What are the aims of your curriculum?
Here at Lyminster Primary School we aim to inspire a love of learning, whilst nurturing and equipping our young learners to become confident and community-spirited citizens of the world. This mission informs every decision we make, and the curriculum we have developed.
How is your curriculum organized?
In our Reception Year we follow the Early Years Foundation Stage (EYFS), which is also then extended into the start of Year 1 and, in terms of core principles, beyond. Through Years 1-6 we follow the Primary National Curriculum, as well as the West Sussex Agreed Syllabus for Religious Education and the suggested syllabus for Personal, Social and Health Education (PSHE) from the PSHE Association. The objectives arising from these frameworks are organized into cross-curricular topics so that links can be made between different areas of learning, not only making this learning more meaningful and relevant to the children, but allowing for deeper learning and application. Some strands of learning are still taught discretely, where this suits the objectives.
Our main Modern Foreign Language is French, and our tuned instrument is the ukulele, however we are proud to facilitate access to private music lessons involving a wide range of instruments.
Each class has a weekly timetable, however teachers are encouraged to ‘block’ time for some subjects where this may allow for deeper learning – for example a Computing or DT project may be completed over the course of a few consecutive afternoons or even a full day, as opposed to 1 hour each week for the half-term. We also deploy our teachers to facilitate as much specialist teaching as possible, particularly for the older children and in subjects such as French, Music and Art.
In our Long Term Plans, you can see how the topics are scheduled and the main subjects, objectives and outcomes driving them. As you will see, these topics are arranged in 2-year rolling cycles, allowing teachers in our 1-form entry school to work together on ensuring the highest quality planning, as well as allowing us to dedicate more of our resources to exciting and memorable experiences for the children, relating to these learning journeys.
How does your curriculum meet the needs of your children?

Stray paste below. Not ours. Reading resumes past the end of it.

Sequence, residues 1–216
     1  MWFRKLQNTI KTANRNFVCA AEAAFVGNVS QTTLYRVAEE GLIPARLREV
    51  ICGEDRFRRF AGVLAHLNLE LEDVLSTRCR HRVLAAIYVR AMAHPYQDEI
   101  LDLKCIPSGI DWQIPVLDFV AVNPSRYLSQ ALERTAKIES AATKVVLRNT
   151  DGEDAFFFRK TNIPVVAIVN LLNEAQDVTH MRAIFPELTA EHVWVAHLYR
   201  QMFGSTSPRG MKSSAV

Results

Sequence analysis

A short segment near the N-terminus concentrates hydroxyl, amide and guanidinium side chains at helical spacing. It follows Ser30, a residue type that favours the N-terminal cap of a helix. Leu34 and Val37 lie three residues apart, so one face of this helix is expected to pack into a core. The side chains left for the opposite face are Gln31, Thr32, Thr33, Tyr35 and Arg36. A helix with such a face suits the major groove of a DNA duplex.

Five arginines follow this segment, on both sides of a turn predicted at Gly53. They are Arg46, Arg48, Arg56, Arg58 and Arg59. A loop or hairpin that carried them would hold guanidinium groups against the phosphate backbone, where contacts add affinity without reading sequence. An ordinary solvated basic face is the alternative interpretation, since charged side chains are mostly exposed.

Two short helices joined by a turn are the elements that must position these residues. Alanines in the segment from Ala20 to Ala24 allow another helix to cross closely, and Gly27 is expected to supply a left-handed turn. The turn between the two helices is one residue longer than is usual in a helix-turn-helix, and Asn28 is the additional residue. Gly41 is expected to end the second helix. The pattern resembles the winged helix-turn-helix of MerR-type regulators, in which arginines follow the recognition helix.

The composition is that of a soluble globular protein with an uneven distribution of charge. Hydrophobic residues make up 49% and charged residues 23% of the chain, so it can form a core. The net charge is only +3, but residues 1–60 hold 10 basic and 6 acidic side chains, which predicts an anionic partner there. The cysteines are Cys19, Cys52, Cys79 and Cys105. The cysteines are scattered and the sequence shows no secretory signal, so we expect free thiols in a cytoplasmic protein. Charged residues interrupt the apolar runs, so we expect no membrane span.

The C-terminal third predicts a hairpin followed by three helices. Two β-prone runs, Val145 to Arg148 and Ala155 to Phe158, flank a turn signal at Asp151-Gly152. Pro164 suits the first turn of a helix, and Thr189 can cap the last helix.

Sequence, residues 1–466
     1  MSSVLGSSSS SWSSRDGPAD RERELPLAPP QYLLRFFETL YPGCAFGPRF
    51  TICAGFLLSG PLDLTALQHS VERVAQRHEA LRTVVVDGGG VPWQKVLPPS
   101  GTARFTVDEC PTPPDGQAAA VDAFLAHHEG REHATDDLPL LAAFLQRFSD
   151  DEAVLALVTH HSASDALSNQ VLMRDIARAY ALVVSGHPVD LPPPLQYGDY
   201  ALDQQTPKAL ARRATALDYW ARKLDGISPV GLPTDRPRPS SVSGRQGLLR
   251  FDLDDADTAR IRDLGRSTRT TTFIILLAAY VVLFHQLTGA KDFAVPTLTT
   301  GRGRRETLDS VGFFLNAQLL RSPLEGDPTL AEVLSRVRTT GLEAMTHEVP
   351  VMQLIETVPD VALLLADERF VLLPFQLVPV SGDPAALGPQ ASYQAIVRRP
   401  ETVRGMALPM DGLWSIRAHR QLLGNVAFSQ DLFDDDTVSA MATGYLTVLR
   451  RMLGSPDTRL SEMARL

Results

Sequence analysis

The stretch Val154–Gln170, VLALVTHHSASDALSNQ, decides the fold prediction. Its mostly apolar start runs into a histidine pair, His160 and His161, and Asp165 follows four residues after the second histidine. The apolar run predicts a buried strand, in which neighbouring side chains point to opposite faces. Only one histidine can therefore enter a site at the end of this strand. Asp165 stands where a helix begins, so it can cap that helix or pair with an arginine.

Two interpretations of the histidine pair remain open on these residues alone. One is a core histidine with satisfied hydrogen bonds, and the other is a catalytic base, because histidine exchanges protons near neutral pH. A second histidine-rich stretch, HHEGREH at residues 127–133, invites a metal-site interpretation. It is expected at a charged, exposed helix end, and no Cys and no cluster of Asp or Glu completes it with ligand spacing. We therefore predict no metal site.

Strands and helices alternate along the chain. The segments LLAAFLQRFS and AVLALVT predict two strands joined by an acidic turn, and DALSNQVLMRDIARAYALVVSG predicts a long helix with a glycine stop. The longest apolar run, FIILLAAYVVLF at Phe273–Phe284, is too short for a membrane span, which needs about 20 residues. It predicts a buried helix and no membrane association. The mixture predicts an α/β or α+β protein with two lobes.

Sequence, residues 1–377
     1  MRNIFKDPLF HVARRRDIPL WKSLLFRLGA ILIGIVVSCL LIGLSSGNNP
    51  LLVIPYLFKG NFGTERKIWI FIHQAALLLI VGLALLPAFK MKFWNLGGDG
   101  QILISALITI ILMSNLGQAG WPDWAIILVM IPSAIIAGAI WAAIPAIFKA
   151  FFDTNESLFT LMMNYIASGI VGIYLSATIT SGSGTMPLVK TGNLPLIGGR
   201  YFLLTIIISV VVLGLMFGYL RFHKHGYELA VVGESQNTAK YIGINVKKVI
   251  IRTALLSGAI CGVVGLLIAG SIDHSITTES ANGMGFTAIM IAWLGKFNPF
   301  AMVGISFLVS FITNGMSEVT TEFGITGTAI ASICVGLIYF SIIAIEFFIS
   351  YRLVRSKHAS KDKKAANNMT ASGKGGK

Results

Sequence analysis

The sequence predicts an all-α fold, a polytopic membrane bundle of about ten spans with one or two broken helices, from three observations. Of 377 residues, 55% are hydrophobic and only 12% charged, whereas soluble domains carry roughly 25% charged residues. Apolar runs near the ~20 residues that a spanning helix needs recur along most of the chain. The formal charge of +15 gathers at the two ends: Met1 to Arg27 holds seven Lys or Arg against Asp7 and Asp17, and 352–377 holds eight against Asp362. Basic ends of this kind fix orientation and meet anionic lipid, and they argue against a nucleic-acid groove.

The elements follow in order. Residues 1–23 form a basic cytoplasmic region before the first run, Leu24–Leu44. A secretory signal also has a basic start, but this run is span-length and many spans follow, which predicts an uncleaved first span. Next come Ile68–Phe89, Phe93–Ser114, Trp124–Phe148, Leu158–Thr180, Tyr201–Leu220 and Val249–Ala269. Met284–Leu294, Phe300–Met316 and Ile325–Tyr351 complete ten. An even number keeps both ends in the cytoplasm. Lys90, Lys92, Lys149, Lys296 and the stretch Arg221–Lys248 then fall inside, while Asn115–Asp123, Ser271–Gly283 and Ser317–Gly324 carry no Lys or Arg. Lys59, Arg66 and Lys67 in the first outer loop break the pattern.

The topics are designed and planned to reflect our belief that learning for our children is at its most powerful when it promotes our ‘Top Ten’:
- Real application;
- Celebration of difference;
- Local knowledge;
- Personal growth;
- Child Voice.
Whilst learning journeys are pre-planned with the curriculum objectives and the above principles in mind, there is always – crucially – in-built flexibility for teachers to adapt the learning to fit the needs of individuals, groups and classes (‘Gap Analysis’), their interests and motivations (‘Child Voice’), and to ensure all children can access and are challenged by the learning (‘differentiation’). We believe that this is the essence of effective curriculum design.
How does your own school curriculum go further?
The EYFS, National Curriculum and agreed syllabi are augmented in our school by different programmes related to our mission, aims and values, mainly around the personal and social development of the children. First and foremost amongst these is our commitment to abide by the United Nations Convention on the Rights of the Child, as a Rights Respecting School. The Articles of this Convention are not only inherent in our continued School Improvement Planning, but receive weekly whole-school focus as part of our school assemblies – which also incorporate explicit teaching, discussion and exploration of British Values as well as World Faiths – and are interwoven into our curriculum topics and how these are taught.
As well as the above, ‘Growth Mindset’ as defined by the research of Carol Dweck and colleagues informs our curriculum and pedagogy, and is also taught discretely as part of a half-termly programme. The ‘E-Safety’ aspects of the Computing curriculum have been expanded and built-upon in our school curriculum via monthly lessons encapsulating different aspects relevant to modern life, such as cyber-bullying and protection of personal data. Children are also taught leadership skills, through roles created for our older children to help support the younger children, and enabled to explore and progress in their talents and interests through our comprehensive extra-curricular programme. In recognition of our impressive provision for extra-curricular activities – and sports in particular – we were awarded the Active Sussex Primary School of the Year Award in 2016, however we have a diverse programme including Creative Writing (for which some of our students have won County-level awards), French and Choir. Access to our extra-curricular programme consistently exceeds 90%.
For each National Curriculum subject, we have also broken down the skills, knowledge and understanding into year-by-year expectations which build upon each other. These can be seen in our ‘Subject Overviews’, along with any school-specific approaches to teaching these subjects.
At different times of the year, we also dedicate extra time to certain areas of the curriculum to go into more depth and to ensure we are meeting the needs of our own community. These include:
- A Personal Development Week, with different themes annually but an ongoing focus on ‘a healthy mind in a healthy body’;
- International Day, and topics devoted to countries linked to each class;
- Book Day/Week, and topics centred around authors linked to each class;
- E-Safety Awareness Day;
- STEAM Week;
- Talents Day.
Celebrating internationalism, promoting a love of reading, and raising aspirations can be seen as recurring curriculum themes, and we are proud to stand for these.